URI : http://hdl.handle.net/2429/21005
Degree : Master of Science – MSc
Graduation Date : 1978-11

A Procedural Model of Recognition for Machine Perception
Havens, William S.
URI : http://hdl.handle.net/2429/21238
Degree : Doctor of Philosophy – PhD
Graduation Date : 1978-05

This thesis is concerned with aspects of a theory of machine perception. It is shown that a comprehensive theory is emerging from research in computer vision, natural language understanding, cognitive psychology, and Artificial Intelligence programming language technology. A number of aspects of machine perception are characterized. Perception is a recognition process which composes new descriptions of sensory experience in terms of stored stereotypical knowledge of the world. Perception requires both a schema-based formalism for the representation of knowledge and a model of the processes necessary for performing search and deduction on that representation. As an approach towards the development of a theory of machine perception, a computational model of recognition is presented. The similarity of the model to formal mechanisms in parsing theory is discussed. The recognition model integrates top-down, hypothesis-driven search with bottom-up, data-driven search in hierarchical schemata representations. Heuristic procedural methods are associated with particular schemata as models to guide their recognition. Multiple methods may be applied concurrently in both top-down and bottom-up search modes. The implementation of the recognition model as an Artificial Intelligence programming language called MAYA is described. MAYA is a multiprocessing dialect of LISP that provides data structures for representing schemata networks and control structures for integrating top-down and bottom-up processing. A characteristic example from scene analysis, written in MAYA, is presented to illustrate the operation of the model and the utility of the programming language. A programming reference manual for MAYA is included. Finally, applications for both the recognition model and MAYA are discussed and some premising directions for future research proposed.

The Design and Implementation of a Run-Time Analysis and Interactive Debugging Environment
Johnson, Mark Scott
URI : http://hdl.handle.net/2429/21543
Degree : Doctor of Philosophy – PhD
Graduation Date : 1978-11

The design and implementation of a language-independent, interactive system to facilitate the analysis and symbolic debugging of computer programs written in high-level languages is presented. The principal features of the system, called RAIDE, are: (1) Host source language independence is supported by the abstraction of language entities and constructs (for example, variables, constants, procedures, statements, and events) with a language interfacer providing language-dependent details; (2) Translators can cooperate with RAIDE at varying levels of detail; (3) The user interacts with RAIDE and an executing object program using an extendable debugging language, called Dispel; (4) Primitive debugging actions are kept to a minimum and nonprimitive actions (for example, tracing, snapshots, and postmortem dumping) are provided by user-supplied and library procedures written in Dispel; and (5) The implementation is aided by simulation of a virtual debugging machine, called SPAM. To demonstrate RAIDE's feasibility, a prototype implementation was undertaken, including a SPAM simulator and the modification of two language translators (namely, Asple and BCPL) to interface with RAIDE. Besides describing the external and internal designs of the debugging system, the abstract machine, and the debugging language, the thesis also discusses the advantages and shortcomings of each of these components. Numerous examples of debugging commands written in Dispel are given. Two significant side-effects of the research are reported; reflections on the software tools supporting the implementation, and suggestions for translator design to facilitate run-time debugging. The thesis contains a substantial annotated bibliography and an extensive index.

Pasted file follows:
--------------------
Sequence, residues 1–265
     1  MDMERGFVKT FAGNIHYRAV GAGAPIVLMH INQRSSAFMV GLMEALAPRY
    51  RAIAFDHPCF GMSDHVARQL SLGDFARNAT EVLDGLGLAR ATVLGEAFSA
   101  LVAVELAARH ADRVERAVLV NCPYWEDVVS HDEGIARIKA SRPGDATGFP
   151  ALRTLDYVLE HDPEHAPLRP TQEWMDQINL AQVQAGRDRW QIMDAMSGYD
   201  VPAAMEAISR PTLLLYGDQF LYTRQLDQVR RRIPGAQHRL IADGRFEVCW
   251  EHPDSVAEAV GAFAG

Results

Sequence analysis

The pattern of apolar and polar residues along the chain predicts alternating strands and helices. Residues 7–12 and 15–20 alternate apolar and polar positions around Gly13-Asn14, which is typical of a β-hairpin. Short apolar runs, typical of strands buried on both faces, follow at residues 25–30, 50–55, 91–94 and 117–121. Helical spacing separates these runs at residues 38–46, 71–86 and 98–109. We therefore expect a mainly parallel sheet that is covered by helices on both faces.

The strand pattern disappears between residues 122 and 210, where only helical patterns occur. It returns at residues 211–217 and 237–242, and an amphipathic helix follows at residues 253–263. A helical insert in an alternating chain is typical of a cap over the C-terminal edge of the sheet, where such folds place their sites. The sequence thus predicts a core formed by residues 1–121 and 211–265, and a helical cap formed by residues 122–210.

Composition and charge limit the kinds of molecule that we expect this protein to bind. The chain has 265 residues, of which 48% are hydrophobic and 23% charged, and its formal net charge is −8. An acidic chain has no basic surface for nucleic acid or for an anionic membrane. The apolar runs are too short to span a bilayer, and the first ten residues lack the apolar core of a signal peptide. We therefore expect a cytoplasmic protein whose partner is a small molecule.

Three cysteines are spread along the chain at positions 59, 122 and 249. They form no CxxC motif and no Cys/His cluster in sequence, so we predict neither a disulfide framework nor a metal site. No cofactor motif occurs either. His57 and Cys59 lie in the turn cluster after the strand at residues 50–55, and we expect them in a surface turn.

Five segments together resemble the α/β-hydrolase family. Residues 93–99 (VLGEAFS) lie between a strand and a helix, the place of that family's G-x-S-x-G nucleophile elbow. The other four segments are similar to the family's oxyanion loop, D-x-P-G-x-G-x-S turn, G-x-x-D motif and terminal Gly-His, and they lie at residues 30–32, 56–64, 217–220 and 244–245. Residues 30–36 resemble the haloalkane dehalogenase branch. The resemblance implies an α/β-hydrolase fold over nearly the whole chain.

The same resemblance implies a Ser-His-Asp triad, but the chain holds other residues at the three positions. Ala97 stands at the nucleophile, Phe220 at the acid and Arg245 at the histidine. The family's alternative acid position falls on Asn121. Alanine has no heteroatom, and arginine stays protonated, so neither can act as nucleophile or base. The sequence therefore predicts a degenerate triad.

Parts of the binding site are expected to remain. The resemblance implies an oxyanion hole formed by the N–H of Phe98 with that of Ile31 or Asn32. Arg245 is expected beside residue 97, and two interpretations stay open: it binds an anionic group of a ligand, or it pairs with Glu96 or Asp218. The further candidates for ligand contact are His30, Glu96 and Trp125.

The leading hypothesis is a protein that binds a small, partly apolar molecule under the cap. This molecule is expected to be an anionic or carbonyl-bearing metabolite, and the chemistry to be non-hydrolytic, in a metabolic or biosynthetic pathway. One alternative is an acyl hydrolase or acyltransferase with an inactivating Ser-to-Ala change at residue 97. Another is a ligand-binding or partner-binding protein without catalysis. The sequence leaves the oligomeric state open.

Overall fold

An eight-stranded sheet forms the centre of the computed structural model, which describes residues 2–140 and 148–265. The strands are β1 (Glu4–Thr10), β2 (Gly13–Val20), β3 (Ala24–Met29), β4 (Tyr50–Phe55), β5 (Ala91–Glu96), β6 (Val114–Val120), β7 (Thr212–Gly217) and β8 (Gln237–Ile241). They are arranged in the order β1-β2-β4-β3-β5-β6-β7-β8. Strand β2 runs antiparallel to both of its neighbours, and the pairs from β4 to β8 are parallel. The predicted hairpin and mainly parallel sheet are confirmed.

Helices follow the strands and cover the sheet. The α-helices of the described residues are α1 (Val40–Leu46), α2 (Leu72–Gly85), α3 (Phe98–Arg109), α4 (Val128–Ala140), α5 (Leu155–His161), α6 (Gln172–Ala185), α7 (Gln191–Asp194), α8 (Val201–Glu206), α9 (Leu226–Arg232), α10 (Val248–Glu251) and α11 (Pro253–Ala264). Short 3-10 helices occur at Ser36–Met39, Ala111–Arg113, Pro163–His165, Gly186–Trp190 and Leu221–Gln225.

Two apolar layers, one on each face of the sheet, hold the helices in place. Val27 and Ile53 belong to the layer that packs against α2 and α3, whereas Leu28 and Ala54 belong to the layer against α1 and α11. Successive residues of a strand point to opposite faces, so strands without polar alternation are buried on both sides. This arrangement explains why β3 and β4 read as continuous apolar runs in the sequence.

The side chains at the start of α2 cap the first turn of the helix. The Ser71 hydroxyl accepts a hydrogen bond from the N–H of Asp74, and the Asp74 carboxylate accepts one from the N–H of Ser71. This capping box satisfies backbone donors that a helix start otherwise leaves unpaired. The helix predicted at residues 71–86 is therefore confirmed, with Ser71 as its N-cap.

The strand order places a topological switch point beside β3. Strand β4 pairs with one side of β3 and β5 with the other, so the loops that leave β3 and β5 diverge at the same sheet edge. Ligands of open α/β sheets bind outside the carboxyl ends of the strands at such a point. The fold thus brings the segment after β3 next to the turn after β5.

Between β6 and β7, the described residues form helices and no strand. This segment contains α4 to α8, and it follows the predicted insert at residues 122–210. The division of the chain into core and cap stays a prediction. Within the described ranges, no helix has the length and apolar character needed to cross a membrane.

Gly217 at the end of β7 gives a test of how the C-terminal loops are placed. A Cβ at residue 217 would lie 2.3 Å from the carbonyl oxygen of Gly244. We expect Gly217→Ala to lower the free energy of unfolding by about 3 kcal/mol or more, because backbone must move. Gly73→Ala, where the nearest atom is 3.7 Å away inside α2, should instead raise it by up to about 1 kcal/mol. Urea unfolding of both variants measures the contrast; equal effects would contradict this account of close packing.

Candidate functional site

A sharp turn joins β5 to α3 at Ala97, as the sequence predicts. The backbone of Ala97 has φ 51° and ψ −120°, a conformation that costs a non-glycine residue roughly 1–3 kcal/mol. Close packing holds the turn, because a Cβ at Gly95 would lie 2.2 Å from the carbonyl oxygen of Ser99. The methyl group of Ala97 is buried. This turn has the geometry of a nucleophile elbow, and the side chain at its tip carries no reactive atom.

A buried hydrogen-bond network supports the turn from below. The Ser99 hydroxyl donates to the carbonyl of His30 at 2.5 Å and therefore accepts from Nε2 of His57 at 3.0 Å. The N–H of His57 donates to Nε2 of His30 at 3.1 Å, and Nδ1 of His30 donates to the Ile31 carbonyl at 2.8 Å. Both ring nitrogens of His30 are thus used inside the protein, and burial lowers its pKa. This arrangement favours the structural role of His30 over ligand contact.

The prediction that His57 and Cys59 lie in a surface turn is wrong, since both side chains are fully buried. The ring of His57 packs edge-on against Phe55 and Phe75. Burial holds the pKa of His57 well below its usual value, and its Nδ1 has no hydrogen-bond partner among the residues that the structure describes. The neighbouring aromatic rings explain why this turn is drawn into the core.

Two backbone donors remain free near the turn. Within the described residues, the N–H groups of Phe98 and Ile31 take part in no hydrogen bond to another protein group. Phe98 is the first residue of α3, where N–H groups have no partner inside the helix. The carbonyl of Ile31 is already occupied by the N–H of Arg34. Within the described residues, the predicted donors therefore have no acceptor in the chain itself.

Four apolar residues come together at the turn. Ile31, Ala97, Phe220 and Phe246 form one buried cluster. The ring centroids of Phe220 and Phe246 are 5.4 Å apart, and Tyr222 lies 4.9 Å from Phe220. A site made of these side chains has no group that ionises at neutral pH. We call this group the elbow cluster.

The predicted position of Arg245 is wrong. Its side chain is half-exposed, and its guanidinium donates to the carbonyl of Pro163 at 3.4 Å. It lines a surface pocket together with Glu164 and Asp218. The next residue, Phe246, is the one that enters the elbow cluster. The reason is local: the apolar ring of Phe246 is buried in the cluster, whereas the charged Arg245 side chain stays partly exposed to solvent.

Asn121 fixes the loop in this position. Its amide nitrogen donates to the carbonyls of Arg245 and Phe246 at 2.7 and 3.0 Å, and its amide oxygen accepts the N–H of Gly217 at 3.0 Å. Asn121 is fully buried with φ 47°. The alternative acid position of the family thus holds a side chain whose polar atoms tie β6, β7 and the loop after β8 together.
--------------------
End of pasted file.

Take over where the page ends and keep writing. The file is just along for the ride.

Defining Semantics with Attribute Grammars
Rushworth, Thomas B.
URI : http://hdl.handle.net/2429/21038
Degree : Master of Science – MSc
Graduation Date : 1978-11